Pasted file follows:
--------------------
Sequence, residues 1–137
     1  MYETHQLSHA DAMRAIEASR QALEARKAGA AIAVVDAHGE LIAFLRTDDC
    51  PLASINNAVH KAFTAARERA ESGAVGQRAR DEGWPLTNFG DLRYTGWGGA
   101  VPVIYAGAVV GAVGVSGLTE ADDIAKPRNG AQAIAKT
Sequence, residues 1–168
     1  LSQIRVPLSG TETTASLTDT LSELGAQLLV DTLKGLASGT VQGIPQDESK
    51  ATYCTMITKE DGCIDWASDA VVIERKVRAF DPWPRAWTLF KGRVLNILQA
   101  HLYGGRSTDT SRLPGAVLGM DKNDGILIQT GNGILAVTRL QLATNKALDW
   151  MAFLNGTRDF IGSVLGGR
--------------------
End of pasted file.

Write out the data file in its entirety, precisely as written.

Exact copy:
Sequence, residues 1–137
     1  MYETHQLSHA DAMRAIEASR QALEARKAGA AIAVVDAHGE LIAFLRTDDC
    51  PLASINNAVH KAFTAARERA ESGAVGQRAR DEGWPLTNFG DLRYTGWGGA
   101  VPVIYAGAVV GAVGVSGLTE ADDIAKPRNG AQAIAKT
Sequence, residues 1–168
     1  LSQIRVPLSG TETTASLTDT LSELGAQLLV DTLKGLASGT VQGIPQDESK
    51  ATYCTMITKE DGCIDWASDA VVIERKVRAF DPWPRAWTLF KGRVLNILQA
   101  HLYGGRSTDT SRLPGAVLGM DKNDGILIQT GNGILAVTRL QLATNKALDW
   151  MAFLNGTRDF IGSVLGGR